The gallery ShanghART, which gained raves in 2007 for their full-scale Xu Zhen’s ShanghART Supermarket, provided another perspective. While the gallery sold their most prominent piece, a box of rocks that appeared to pulse like a beating heart – due to water undulating below the rubble, (the piece was created MadeIn, a new company led by the visionary Xu Zhen mentioned above), Chen Yan of the gallery expressed that their overall experience of the fair this year was simply “OK” as of Sunday. Chen Yen shrugged it off, “ You know, we are a gallery from Shanghai, so…” While she did not complete the sentence, one can postulate that while no one did as badly as in 2008 or 2009, galleries that presented more risque, conceptually challenging, and less commercially-friendly pieces, as well as other smaller or international galleries that may not yet have as deep rapport with ABMB buyers, may not be clinking wine glasses after the close of this year’s fair. While wallets were out, 2010 was not the year to take chances. Like in the calm after a tropical storm, buyers came out from under their protective covers, but as though they had their palms extended out still feeling for rain. Indeed, they bought. Some even bought up the big ticket items. However, just as many galleries brought less risk adverse pieces, buyers seemed still hesitant and careful this year, reluctant to venture into new territory, i.e. more conceptual pieces or lesser known artists, and slow and deliberate when making purchases. Safe, steady, and sound (albeit with an occasional clink of glasses) was the motto for 2010.


Lehmann Maupin, Booth J16


Nir Hod at Paul Kasmin Gallery


“Objects in the Mirror are Closer than They Appear,” by Jeppe Hein


Alice Neel, Mrs Paul Gardner and Sam (1967) at Zwirner


Hauser + Wirth


The gallerist Mary Boone at Mary Boone Gallery


Wim Delvoye, Cement Truck (2010) at Galerie Perrotin


Gagosian Gallery, Booth J13


Zwirner Gallery, Booth J19


A recreational area at the fair


Donald Judd at David Zwirner


Anish Kapoor


Jim Dine, Green Venus in Heaven (2010)


Marc Quinn, A Moment of Clarity, bronze at Thaddeus Ropac


Sutton Lane


Blake Rayne at Sutton Lane


David Salle at Mary Boone


Eric Fischl and a Terence Koh at Mary Boone


Lisson Gallery


A Cindy Sherman at Skarstedt Gallery


Andy Warhol at
at Skarstedt Gallery


Petah Goyne at Gallerie Lelong


Gallerie Lelong


Julie Mehretu at Marian Goodman


Giuseppe Penone


Robert Longo – Galerie Hans Meyer


John Isaacs – Travesia Cuatro


Mickalene Thomas at Lehman Maupin


Erwin Wurm and Alex Katz, Thaddaeus Ropac, Booth C11


Gardar Eide Einarsson, Come and take it (2008), Team Gallery, Booth G9


Jon Kessler, The last bird runner (1994) at Salon 94, Booth G06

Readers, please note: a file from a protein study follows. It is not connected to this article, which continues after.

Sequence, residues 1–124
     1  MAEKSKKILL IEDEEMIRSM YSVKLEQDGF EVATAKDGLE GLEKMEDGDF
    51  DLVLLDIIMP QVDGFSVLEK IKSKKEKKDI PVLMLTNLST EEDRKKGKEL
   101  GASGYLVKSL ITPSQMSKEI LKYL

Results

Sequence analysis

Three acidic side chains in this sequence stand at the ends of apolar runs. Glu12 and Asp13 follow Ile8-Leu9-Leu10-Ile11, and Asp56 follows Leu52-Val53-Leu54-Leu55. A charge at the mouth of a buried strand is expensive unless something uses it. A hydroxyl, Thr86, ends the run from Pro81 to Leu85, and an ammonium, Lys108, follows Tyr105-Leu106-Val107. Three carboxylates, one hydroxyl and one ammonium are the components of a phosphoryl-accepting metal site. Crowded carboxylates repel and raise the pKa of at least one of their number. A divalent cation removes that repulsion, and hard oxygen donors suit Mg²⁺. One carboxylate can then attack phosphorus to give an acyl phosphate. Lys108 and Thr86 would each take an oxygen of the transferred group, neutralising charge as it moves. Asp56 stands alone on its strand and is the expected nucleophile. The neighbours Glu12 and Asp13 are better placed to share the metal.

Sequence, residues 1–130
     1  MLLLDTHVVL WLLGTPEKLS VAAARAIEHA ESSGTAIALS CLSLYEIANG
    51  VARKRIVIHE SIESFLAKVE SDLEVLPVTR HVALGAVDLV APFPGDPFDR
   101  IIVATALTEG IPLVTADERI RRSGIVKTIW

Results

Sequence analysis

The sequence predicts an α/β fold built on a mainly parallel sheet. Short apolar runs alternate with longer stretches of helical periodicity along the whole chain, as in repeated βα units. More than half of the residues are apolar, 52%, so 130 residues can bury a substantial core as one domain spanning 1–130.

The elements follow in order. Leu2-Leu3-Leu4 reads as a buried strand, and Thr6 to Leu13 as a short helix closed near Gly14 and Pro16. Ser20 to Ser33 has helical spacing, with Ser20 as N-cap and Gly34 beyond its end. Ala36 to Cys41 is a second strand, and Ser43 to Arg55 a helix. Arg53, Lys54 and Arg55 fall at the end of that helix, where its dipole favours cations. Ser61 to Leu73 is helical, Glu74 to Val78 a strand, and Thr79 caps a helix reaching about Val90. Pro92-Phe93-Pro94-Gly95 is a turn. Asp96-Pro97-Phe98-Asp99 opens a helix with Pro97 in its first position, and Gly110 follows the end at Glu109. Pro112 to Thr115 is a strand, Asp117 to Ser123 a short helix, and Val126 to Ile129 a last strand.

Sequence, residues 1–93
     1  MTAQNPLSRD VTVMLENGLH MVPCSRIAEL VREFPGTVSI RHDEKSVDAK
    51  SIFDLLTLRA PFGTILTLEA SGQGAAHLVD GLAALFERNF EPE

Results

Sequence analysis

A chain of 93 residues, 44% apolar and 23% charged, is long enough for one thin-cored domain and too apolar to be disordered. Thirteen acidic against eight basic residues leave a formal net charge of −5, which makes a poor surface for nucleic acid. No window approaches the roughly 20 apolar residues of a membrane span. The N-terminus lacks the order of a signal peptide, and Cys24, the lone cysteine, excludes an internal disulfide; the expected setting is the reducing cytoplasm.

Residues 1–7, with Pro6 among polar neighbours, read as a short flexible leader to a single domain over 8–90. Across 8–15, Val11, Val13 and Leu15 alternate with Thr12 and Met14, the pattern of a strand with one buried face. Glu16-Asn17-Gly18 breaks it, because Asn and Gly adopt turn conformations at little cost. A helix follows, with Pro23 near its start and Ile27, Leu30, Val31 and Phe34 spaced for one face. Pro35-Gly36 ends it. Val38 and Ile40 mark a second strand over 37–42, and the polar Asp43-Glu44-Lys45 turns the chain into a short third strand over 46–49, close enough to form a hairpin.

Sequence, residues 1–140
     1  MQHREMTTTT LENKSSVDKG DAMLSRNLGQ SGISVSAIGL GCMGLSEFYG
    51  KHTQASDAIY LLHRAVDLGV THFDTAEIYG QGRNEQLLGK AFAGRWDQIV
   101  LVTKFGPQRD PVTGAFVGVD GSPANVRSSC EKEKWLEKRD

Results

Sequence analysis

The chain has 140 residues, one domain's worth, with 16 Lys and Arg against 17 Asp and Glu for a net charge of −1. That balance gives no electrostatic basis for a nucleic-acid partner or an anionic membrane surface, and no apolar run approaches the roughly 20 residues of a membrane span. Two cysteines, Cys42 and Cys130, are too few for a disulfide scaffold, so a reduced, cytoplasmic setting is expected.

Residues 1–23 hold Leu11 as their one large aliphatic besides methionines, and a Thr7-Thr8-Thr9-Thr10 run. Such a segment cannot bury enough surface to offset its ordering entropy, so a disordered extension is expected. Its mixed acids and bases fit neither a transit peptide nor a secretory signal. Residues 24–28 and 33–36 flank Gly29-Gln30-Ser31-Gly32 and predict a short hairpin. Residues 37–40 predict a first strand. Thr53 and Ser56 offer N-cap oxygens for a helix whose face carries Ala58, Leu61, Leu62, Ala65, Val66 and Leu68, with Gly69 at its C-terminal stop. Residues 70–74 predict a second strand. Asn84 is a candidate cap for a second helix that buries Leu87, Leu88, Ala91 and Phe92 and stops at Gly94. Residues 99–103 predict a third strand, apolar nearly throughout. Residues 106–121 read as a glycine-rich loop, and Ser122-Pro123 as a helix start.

Jon Kessler, The invention of Solitude (1985)


Ai Weiwei, Kui Hua Zi (2008)


Barbara Kruger, Untitled (2005/2006)


Christopher Wool – Luhring Augustine Gallery, Booth J18


John Baldessari at Maria Goodman, Booth j14


Jaume Plensa, To J.W Goethe (Variant IV) (2010) at Richard Gray Gallery


Jeppe Hein, Object in the Mirror are closer than they appear (2007) at 303 Gallery New York, Booth G5


Goodman Gallery, Booth c20


Hreinn Fridfinnsson, Untitled (2009)
at i8 Gallery (Iceland)

(Written by Faith-Ann Young; Photos by Caroline Claisse + FAY )

6 Responses to “AO on Site – Art Basel Miami Beach 2010 – Main Fair Conclusion and Summary”

  1. Art Basel Miami Beach 2010 | Gordana Batic Says:

    [...] AO on Site – Art Basel Miami Beach 2010 – Main fair conclusion and summary: “ [...]

  2. eddie Says:

    the work here identified as john mccracken at david zwirner’s booth is actually a late work by donald judd in painted aluminum called a lescaux/lehni.

  3. Clay Ward Says:

    Lot of big names here. Thanks for the photos, it helps knowing what’s going on. Any pictures of lesser knowns you feel like posting would be cool too. Thanks.

  4. Vivianne Lapointe Says:

    great article!!!

  5. Ghurron Briscoe Says:

    Marc Quinn, A Moment of Clarity is a whirlwind. -Ghurron Briscoe (Nyc)

  6. Vernissage 2010 | LIVE_F>A>S>T> Says:

    [...] The ninth edition of Art Basel Miami Beach attracted 250 exhibitors from 29 countries showcasing modern and contemporary art by more than 2,000 artists. This year, I’ve come to realize that no matter how much of an art lover & connoisseur you are, it’s just about impossible not to get overwhelmed by such a huge amount of art in one place; so if you wanna have a good time at Vernissage, I’d advise to simply pick up a glass of Veuve from the bar, don’t worry about following a site map, step out on your own and let your aesthetic instinct and guide you through the exhibition space. Here are some of my personal discoveries this year; and for more in-depth coverage, click through to FAY’s article on Art Observed. [...]